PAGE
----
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I lived in Tokyo as a US military dependent from 1956-60 and 1963-65. Our military newspaper, The "Stars and Stripes" and the Japanese newspaper, "Mainichi News" (printed in English) ran articles referring to Kobe Beef. The articles stated the cows received little exercise, were given a daily bottle of beer, and were messaged daily in order to ensure a ...


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Hello @Huangism and welcome to Seasoned Advice. You may consider domestic wagyu. To get the best, it will still be pricey, but not nearly as much as Kobe. Please see this excerpt from Lobel's of New York . You Get What You Pay For All Wagyu beef is not created equal. In Japan, Kobe beef sells at more than $300 per pound. But now Wagyu is starting ...


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Do you know what cut of Kobe beef you had in Japan? Assuming budget is not an issue, your best bet will be to find the same cut in a Kobe Style or Wagyu beef. This is available in Canada. Get the same cut as whatever you had in Wagyu beef. If you have no idea what cut it was, I'd probably start with a ribeye. It's one of the better, more popular cuts (also ...


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The problem with you stating Kobe beef is its not a cut of meat. Kobe beef comes from certain cattle raised in Japan. In Canada your best bet will be to find the best quality beef you can. Depending on preference I'd suggest sirloin for a good all rounder, rib eye if you don't mind the extra fat (my favourite cut) or fillet steak if you want the most tender ...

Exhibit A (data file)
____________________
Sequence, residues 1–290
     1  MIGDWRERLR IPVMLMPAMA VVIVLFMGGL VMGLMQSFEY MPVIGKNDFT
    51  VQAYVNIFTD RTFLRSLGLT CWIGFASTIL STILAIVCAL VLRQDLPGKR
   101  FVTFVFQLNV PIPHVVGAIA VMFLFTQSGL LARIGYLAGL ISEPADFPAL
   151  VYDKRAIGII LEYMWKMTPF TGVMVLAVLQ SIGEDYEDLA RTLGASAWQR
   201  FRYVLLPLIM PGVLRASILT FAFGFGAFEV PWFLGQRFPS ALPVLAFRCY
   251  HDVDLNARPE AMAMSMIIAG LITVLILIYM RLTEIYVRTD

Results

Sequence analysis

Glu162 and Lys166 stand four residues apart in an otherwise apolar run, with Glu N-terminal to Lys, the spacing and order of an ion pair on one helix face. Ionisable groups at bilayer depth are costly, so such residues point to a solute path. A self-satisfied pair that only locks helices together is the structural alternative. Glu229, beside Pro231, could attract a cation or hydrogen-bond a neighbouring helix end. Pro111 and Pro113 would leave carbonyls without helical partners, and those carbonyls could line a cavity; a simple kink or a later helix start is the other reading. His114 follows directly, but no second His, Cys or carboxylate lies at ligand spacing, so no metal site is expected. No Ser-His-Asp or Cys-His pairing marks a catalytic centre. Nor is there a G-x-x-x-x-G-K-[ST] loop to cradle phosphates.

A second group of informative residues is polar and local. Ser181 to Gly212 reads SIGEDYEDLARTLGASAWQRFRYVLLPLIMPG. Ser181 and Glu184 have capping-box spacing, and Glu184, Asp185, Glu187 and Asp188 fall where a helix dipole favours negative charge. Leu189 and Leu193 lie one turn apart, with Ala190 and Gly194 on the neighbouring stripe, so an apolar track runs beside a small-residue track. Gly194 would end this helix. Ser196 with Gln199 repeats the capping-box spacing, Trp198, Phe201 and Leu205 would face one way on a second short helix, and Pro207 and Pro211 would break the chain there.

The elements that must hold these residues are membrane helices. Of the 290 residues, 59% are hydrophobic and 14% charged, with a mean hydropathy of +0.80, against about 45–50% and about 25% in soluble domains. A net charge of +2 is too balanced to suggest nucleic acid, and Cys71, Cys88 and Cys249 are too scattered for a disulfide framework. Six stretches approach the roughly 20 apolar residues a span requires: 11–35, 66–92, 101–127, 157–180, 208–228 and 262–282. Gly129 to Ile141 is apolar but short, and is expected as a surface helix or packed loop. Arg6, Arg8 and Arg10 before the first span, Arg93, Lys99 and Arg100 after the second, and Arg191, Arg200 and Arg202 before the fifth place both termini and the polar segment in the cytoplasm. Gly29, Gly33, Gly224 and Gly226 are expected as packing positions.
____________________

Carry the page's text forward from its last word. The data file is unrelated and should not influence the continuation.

0

The machine I invited a couple of friends who are keen to try sous vide over during the whole process. All 4 of us agreed. The machine is going back. My immediate first thought was that you had a bad machine. The Vac-Star Sous Vide Chef has excellent reviews on Vac-Star's website and it looks like you are using it within proper specifications. That ...


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AAA ribye Searing hot grill Dip in soy sauce Grill and salt and pepper as you turn


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I live in Kansas City. I am a professional caterer, BBQ judge and food consultant. There is ZERO difference. They are exactly the same cut of meat. A steak cut from the short loin. They were universally called "Kansas City strips" until Delmonico's restaurant in NYC decided some time in the 30's to call it a "New York strip" on their menu. That is all ...


1

There is nothing wrong with eating rare meat, assuming the meat is fresh and was handled and refrigerated properly. I have been eating blue rare meat my whole life, and often eat raw beef in sushi or tartar. There is no need to worry. Rare hamburger, on the other hand, can be risky due to the surface area of the meat and the fact that portions of the meat ...



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